( ͡° ͜ʖ ͡°)

    Lol, idiot, you shouldn’t have rooted then. You’re the minority.


    “you shouldn’t have rooted then” said no one (else) ever

    ( ͡° ͜ʖ ͡°)

    What an original, never used before comeback.


    lol. that’s stupid. just by checking for su won’t help anyone

    Adam Ashley

    Yup completely my fault for taking a new nexus 7 out of the box, updating to lollipop with the automatic ota and trying out Stan. Oops wait you’re running a rooted device, no content for you.

    ( ͡° ͜ʖ ͡°)

    Get rekt son.


    If it doesn’t work on rooted devices than I’m not interested. Root is a must on Android devices for me

    Ben Freke

    Why are they idiots for not allowing rooted devices to use the service? Just remember the vast majority of Android users don’t root their devices (myself included), and they need to at least tell the media provider companies that they are doing what they can to prevent copyright infringement?


    So if I root my device to take advantage of insanely useful apps like Tasker, I’m immediately a copyright thief?

    Ben Freke

    Absolutely not. Way to deliberately miss the point!

    It’s their app. They get to choose who uses it.

    Adam Ashley

    Given the state of studio agreements, the fact that root access in no way compromises DRM access on any device that actually meets the requirements for the HDCP component of the HDMI certification, this decision by Stan is laughable and the justification for it offensive.

    I say this as someone who develops Android firmware for STBs used exclusively for playing content from the same studios as Stan. I dare say our contracts are stricter than Stan’s and their parent company, we don’t have anywhere near as many screens to bargain with.


    One year later, and I’m waiting for Ben’s response…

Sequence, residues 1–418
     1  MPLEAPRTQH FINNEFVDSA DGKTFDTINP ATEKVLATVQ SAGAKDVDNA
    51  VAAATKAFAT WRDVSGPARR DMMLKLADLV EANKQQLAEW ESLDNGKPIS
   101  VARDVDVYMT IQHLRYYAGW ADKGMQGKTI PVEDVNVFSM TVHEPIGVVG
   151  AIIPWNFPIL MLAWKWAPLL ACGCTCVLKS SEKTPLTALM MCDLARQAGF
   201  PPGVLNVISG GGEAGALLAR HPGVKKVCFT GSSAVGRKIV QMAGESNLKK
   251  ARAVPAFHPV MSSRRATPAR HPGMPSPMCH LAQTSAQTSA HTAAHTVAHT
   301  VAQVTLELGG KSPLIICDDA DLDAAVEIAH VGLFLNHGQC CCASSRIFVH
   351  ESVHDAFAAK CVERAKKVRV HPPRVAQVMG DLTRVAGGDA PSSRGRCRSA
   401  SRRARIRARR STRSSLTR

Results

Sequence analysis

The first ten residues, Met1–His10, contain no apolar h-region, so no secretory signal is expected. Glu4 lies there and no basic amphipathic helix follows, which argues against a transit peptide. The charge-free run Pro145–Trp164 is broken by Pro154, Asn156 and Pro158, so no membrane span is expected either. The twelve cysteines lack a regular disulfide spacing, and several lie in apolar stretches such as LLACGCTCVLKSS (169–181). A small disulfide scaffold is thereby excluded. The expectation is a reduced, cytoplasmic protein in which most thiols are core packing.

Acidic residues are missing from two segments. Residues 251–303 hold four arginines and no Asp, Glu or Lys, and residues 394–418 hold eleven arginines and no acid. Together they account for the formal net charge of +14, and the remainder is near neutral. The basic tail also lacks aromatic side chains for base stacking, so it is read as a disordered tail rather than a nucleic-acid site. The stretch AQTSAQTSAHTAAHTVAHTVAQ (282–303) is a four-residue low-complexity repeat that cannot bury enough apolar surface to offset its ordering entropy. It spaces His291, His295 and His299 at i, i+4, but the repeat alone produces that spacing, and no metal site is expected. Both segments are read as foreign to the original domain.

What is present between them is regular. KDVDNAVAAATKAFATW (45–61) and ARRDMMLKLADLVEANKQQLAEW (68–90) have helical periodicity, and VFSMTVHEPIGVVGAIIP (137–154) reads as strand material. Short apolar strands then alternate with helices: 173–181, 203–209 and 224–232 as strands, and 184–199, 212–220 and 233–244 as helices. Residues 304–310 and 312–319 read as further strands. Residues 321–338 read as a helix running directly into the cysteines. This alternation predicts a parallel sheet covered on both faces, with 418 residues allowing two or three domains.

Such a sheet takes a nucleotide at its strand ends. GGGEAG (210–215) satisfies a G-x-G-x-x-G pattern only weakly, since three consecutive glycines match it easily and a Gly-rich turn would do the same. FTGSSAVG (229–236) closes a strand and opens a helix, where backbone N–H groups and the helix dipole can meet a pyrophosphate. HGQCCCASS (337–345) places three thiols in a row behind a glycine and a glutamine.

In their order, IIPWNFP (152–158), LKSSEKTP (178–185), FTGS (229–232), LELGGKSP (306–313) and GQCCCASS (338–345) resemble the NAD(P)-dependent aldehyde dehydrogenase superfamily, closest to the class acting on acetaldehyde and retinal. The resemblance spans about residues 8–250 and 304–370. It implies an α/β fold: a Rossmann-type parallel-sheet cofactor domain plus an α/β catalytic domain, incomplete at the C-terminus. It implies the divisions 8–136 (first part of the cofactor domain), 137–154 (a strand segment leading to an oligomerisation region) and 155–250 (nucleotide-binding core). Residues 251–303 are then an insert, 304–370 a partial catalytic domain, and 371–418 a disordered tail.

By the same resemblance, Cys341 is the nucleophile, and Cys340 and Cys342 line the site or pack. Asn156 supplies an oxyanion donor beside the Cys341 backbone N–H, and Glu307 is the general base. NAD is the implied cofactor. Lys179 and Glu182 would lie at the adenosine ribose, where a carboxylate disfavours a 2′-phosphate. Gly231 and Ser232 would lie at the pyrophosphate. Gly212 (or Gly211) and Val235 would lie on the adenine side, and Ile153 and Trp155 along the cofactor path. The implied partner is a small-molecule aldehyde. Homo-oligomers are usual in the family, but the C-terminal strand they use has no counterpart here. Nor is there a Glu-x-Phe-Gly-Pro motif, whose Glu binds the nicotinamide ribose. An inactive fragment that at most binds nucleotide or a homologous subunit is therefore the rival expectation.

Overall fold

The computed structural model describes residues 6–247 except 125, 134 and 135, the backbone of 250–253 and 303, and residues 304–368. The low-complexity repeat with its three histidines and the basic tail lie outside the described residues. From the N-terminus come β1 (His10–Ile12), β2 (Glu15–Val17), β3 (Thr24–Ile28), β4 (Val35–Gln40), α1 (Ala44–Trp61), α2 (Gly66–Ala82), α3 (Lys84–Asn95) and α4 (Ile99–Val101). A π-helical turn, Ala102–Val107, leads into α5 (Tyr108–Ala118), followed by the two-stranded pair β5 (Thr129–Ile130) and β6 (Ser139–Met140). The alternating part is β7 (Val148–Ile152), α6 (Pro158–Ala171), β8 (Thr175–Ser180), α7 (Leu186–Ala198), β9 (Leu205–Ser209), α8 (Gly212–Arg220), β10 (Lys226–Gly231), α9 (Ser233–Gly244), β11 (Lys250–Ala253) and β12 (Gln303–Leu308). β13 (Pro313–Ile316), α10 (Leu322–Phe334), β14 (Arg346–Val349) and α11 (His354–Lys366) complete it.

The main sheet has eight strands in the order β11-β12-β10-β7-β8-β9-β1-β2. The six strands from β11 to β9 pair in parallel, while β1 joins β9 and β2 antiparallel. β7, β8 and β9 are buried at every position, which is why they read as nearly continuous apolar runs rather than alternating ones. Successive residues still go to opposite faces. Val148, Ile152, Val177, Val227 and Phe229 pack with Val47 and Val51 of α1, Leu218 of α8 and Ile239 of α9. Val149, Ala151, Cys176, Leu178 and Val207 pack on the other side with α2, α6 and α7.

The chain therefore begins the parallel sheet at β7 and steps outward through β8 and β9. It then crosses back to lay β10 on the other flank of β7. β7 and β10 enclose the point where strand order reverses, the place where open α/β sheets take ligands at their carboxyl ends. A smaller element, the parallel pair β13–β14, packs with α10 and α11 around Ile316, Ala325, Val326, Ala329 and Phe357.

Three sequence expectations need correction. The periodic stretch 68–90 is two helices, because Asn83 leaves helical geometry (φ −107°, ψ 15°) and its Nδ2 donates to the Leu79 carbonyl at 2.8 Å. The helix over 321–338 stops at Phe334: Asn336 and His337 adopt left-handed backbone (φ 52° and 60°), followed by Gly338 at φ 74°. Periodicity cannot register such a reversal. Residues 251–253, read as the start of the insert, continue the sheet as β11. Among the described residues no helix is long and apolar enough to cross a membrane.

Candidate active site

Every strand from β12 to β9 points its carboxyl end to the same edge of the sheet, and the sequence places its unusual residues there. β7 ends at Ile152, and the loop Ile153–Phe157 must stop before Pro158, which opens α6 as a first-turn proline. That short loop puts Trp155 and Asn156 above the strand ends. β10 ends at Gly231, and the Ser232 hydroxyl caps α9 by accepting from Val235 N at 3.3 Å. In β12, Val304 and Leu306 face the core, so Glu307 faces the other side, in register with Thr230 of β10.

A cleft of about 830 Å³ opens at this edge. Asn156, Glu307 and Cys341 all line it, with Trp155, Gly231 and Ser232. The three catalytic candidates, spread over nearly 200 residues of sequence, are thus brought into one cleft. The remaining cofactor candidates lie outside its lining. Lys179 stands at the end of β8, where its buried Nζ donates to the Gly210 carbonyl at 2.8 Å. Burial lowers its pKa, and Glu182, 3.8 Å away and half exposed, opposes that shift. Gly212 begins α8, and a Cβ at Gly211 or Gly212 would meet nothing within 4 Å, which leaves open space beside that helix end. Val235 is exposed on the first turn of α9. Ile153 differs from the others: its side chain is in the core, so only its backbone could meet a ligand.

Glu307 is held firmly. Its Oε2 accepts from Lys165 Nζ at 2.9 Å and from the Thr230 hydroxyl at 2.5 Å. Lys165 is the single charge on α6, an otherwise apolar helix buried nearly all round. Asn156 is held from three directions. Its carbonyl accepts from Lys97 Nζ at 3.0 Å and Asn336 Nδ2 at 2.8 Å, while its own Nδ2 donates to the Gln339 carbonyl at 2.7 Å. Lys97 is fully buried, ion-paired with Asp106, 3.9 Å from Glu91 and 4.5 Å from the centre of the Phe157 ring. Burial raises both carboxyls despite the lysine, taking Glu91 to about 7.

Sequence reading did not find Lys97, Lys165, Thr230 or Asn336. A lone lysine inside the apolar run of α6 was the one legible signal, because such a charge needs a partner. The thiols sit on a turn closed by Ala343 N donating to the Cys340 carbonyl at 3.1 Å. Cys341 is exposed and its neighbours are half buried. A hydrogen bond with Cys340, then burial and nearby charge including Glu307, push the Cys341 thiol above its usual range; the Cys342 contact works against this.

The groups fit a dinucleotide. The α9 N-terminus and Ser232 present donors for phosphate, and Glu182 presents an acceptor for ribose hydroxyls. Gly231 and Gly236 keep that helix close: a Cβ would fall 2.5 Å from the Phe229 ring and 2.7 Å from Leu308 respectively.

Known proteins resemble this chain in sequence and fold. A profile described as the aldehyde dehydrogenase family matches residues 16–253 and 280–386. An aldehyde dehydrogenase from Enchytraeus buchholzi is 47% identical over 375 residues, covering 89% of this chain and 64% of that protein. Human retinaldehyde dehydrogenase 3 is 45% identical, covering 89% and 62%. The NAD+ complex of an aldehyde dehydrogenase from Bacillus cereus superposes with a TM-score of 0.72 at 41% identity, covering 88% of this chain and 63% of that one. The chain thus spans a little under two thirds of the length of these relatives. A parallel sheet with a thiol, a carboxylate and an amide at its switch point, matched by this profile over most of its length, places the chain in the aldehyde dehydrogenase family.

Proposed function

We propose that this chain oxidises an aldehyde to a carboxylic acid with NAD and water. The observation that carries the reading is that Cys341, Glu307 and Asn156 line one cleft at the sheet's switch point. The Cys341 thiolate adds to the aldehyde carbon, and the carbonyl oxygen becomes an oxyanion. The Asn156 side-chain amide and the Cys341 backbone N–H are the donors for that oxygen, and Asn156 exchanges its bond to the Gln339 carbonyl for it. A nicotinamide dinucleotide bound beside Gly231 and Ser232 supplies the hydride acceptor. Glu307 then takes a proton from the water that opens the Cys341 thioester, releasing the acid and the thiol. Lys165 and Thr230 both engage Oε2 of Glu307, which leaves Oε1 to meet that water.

The problem, Ben, is that the copyright buyers and content distributors are actively going out of their way to treat such legitimate
    end consumers as criminals, without allegation; or trial; or proof; or even
    circumstantial evidence, merely because such a consumer has a need to
    have root access on their Android device.
    Now what do you think such consumers are likely to do in response and retaliation to being treated as a copyright thief, when the consumer has NOT even attempted to access copyrighted content without paying, much less actually accessed copyrighted content without paying?

    Ben Freke

    Please people, if you’re going to disagree with my argument, address the argument for what it is, not what you think it is. It has nothing to do with copyright or treating people as thieves.


    By doing ‘No APP for you!’ merely because a legitimate end consumer has root access on their Android device, and then passing off the app access block as preventing copyright infringment, the copyright buyers and content distributors are actively going out of their way to say that such legitimate end consumers are criminals, they just have yet to actually attempt to commit a crime, or actually do so.

    Ben Freke

    Alright. I disagree with most of that but that’s fair enough 🙂

    Also, Stan may actually have other reasons to prevent root. I simply went with the first reason that came to me. I’m sure there are other reasons, and I stand by my statement that I don’t believe they’re idiots for doing it. And if I’m wrong, well, it’s just an opinion. Now excuse me while I watch some streaming 720p content 🙂


    Anyone experiencing halts and freezing should look at a better router. Dual band with 5Ghz should do the trick.


    For those with a Chomecast this wont help as it only does 2.4Ghz. Tweaking with the WiFi channels and trying to minimise interference is probably the only thing that can be done in this case.

    Basic things like keeping the Chromecast as close as possible to the router and having a decent router to begin with would also help.

    I’ve had no issues with streaming to the Chromecast with multiple streaming services so it can definitely be done well with a bit of knowledge.


    Stan wouldn’t cast any movies to my nexus player, but worked on a regular chrome cast. With a few pauses and halts sometimes.

    Phill Edwards

    Are the pauses and halts due to Stan or Chromecast, do you think?

    Darren Ferguson

    Device compatibility issues is poor form for an app like this. Still going to go with Netflix (local or US).




    Poor form. Netflix, iPlayer, Hulu all work on my Sony phone. Not sure I can stretch to another streaming service, but if Better Call Saul is available the same time as the States, I’d be interested.

    Bill Lovett

    I signed up months ago and been getting emails from them but sadly no invitation to trial. Poor me 🙁


    Went to install app from google play.

    Told me i wasnt authenticated.

    I reset my googleplus password etc

    App now disappeared from store ‘item not found’

    What the actual fuc*?

    Stock note 4